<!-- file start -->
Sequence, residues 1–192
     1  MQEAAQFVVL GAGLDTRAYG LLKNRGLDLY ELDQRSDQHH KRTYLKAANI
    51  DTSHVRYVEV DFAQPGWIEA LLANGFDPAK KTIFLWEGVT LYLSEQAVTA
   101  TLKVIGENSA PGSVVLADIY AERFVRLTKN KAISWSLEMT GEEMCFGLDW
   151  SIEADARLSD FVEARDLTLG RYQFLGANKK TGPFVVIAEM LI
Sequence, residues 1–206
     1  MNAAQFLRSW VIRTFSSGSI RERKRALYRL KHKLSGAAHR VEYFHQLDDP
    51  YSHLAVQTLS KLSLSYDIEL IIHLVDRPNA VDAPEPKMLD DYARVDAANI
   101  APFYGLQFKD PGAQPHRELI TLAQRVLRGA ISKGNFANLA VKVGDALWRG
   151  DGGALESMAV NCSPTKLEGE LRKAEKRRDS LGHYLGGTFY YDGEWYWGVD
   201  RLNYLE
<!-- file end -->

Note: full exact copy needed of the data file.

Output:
Sequence, residues 1–192
     1  MQEAAQFVVL GAGLDTRAYG LLKNRGLDLY ELDQRSDQHH KRTYLKAANI
    51  DTSHVRYVEV DFAQPGWIEA LLANGFDPAK KTIFLWEGVT LYLSEQAVTA
   101  TLKVIGENSA PGSVVLADIY AERFVRLTKN KAISWSLEMT GEEMCFGLDW
   151  SIEADARLSD FVEARDLTLG RYQFLGANKK TGPFVVIAEM LI
Sequence, residues 1–206
     1  MNAAQFLRSW VIRTFSSGSI RERKRALYRL KHKLSGAAHR VEYFHQLDDP
    51  YSHLAVQTLS KLSLSYDIEL IIHLVDRPNA VDAPEPKMLD DYARVDAANI
   101  APFYGLQFKD PGAQPHRELI TLAQRVLRGA ISKGNFANLA VKVGDALWRG
   151  DGGALESMAV NCSPTKLEGE LRKAEKRRDS LGHYLGGTFY YDGEWYWGVD
   201  RLNYLE